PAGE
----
Blockchain economy
Banking and payments aren't the only industries that could be affected by blockchain tech. We've updated our post on the industries that could create new use cases for blockchain tech. Law enforcement, gun ownership, and ride hailing are among them.

Take credit for our work. It's ok.

A lot of our clients love our market maps. We do too.

Now, you can find the companies that make up a market map directly on CB Insights as part of a Collection. And the best part is you can clone the Collection to make it your own. (it's akin to forking on Github if you're familiar)

So in essence, we build a market map, you clone it and then share it with colleagues and pretend like you made it on your own to impress your colleagues.

No hard feelings if you do this. Heck, we encourage this. 

We currently have 46 Collections built for various markets on the CBI platform.

Find one you like, hit Clone and then watch the praise and promotions roll in. A sampling of the market collections available are below.

You can also collaborate and invite folks outside of your subscription to a Collection. It's time to move your market mapping and innovation efforts out of Excel and Powerpoint.

Awww yeah: A game for terrible tech people

At our hack day in the fall, one of the teams developed Cards Against Silicon Valley. Yes — it's clearly a rip off of Cards Against Humanity except with more unicorns, soylent and Peter Thiel references.

It turned out to be pretty fun so we decided to make it available to other terrible tech people.

Go here to download the cards and play it with other terrible tech people.

Please note that we're not giving out physical versions of the game except to clients. We are also not selling them.


The Industry Standard

CB Insights data is the most trusted by those in the industry and the media. A few recent hits.

The New York Times. Stephanie Strom (
@ssstrom) reports on the rising startup foodie scene in Boulder, Colorado and cites data from CB Insights on funding to Boulder-based food and beverage startups. 

Bérénice Magistretti (@BMagistretti) notes the rise of the femtech category and includes the CB Insights femtech market map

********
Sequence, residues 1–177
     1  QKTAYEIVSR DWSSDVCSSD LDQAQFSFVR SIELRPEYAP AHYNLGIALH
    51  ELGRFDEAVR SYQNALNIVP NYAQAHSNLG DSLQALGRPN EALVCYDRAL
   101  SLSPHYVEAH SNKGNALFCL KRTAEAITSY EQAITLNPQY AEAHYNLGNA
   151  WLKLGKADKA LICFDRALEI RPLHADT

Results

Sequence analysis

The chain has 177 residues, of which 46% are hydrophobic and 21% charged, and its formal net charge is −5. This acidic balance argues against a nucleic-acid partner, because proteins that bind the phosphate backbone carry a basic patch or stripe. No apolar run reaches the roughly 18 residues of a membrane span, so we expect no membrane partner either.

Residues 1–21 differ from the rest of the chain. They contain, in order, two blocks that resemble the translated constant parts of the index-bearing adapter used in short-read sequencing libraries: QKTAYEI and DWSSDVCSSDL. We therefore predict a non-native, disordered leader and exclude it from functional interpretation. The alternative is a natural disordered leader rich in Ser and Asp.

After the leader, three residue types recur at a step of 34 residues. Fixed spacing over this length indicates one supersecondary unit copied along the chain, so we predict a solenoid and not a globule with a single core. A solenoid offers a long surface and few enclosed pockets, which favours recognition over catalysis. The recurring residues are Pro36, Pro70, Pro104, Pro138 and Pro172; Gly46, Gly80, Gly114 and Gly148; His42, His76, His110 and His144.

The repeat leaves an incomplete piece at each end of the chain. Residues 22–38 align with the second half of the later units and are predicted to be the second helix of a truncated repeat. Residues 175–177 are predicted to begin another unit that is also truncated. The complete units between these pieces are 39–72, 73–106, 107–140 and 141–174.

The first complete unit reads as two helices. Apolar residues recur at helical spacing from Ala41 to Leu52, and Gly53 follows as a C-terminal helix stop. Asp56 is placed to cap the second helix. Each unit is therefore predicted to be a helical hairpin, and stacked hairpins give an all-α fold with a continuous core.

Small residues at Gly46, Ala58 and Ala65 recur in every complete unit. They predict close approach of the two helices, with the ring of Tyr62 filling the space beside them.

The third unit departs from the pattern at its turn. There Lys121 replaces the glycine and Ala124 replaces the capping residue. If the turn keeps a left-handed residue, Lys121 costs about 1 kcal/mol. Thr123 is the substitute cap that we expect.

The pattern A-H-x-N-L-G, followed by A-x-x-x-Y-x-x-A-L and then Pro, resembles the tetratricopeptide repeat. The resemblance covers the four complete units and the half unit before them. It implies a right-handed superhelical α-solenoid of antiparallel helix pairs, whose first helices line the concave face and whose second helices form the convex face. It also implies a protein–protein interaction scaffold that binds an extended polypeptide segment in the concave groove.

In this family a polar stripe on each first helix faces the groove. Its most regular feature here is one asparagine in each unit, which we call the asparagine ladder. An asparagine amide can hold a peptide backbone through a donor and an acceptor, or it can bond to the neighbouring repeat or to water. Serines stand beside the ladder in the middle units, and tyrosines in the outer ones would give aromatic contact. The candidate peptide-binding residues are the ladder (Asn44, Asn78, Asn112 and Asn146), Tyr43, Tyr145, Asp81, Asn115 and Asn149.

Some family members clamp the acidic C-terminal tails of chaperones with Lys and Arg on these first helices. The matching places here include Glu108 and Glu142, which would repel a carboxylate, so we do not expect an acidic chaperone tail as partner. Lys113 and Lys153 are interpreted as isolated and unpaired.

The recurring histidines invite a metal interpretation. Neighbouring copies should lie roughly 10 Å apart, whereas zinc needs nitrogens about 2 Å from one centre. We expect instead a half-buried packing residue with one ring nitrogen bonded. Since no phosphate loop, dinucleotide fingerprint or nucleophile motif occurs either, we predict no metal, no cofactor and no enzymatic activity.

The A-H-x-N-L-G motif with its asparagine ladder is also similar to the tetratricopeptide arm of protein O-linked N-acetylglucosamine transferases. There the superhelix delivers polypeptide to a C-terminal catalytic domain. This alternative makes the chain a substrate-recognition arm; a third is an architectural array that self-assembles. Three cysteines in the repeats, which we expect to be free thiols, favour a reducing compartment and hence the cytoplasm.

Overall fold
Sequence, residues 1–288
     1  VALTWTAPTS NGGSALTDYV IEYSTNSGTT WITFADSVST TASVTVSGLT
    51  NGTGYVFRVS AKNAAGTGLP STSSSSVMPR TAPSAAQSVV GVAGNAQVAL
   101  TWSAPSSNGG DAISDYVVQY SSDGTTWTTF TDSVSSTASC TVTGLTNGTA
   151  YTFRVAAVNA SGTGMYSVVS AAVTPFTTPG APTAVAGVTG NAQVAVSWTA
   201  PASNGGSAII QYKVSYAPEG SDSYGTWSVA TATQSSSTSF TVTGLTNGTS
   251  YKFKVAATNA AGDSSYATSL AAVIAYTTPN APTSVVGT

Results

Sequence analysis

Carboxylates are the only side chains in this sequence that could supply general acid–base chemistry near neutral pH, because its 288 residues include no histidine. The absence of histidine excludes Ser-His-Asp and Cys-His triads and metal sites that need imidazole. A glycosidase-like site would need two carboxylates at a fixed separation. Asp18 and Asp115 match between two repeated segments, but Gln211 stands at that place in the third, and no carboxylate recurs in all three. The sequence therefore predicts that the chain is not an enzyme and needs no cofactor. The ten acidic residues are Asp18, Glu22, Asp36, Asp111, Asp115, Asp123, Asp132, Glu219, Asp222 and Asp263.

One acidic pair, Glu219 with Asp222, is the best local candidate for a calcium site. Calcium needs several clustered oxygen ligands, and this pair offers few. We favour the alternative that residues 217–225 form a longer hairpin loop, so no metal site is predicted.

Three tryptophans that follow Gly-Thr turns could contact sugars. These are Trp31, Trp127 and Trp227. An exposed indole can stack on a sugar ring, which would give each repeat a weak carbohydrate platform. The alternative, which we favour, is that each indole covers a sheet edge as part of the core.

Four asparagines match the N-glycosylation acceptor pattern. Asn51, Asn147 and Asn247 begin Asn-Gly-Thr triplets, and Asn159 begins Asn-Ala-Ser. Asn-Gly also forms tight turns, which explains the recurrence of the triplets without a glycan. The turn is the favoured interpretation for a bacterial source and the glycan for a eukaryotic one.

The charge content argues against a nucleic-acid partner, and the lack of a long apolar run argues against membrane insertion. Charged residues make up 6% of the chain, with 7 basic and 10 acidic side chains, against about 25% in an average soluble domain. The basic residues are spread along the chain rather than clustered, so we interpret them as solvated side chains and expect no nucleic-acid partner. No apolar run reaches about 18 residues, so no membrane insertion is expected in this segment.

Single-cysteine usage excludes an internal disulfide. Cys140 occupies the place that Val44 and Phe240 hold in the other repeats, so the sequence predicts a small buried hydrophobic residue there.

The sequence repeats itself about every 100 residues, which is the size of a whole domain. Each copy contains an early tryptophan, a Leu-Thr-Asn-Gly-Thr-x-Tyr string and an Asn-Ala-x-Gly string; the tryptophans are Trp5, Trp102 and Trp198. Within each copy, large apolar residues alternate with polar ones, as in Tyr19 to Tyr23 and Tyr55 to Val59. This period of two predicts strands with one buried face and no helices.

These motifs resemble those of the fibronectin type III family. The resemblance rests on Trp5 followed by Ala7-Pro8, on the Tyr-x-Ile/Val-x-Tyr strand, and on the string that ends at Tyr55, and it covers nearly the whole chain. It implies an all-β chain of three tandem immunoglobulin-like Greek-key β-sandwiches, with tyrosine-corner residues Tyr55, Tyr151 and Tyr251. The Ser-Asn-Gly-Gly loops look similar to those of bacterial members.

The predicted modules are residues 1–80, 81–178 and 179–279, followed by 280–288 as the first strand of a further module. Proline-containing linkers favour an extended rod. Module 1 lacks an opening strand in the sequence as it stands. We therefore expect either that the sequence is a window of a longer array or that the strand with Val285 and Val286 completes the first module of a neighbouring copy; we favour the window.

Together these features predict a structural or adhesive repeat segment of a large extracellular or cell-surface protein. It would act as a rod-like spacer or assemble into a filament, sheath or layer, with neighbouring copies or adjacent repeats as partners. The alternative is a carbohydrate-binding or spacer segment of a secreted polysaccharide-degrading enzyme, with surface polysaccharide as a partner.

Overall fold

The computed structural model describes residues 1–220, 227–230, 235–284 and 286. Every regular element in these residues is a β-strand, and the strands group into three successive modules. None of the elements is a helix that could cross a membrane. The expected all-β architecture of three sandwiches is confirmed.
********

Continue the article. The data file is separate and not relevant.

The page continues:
Insurance Forums. Brian Anderson writes about how insurance companies and VCs use the CB Insights platform to keep up with disruption in the industry and quotes senior analyst Matt Wong.

Hope you had a terrific Tuesday.

I love you.


P.S. How many FinTech unicorn CEOs can you fit into Lincoln Center in NYC? Find out at The Future of FinTech.

Regtech market map: Businesses helping mitigate risk and monitor compliance across industries

Regtech companies operate across financial services, vendor risk management, cybersecurity, environmental protection, cannabis, and other categories. See the market map.
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Banking is only the start: 27 big industries where blockchain could be used

Law enforcement, ride hailing, and charity could be transformed, among many other industries. Read about all the industries.
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The Blurb

A curated mix of articles on private companies, venture capital, emerging industries, and innovation.

Up, up and away. Uber looks to be getting into the suddenly-hot flying car space, with its hire of NASA engineer Mark Moore as director of engineering for aviation.

Global warming. Mark Suster (@msuster) takes a comprehensive look at why VC investing has not dried up.
Both Sides Of The Table

Category kings. Battery Ventures looks into how big an impact "network effects" have on 
different online marketplaces and social networks.
Battery Ventures

Startup productions. Zach Ferres (
@zcferreson what entrepreneurs can learn from the Hollywood studio and why startup studios may be more suitable to entrepreneurs than incubators.

First timers. 
James Altucher (@jaltucher) on what you need to do and understand to be successful in your first entrepreneurial efforts.

Market ready. Nic Brisbourne (@brisbourne) talks about the importance of figuring out whether a product requires a more marketing intensive or sales intensive go-to-market strategy, or a combination of the two.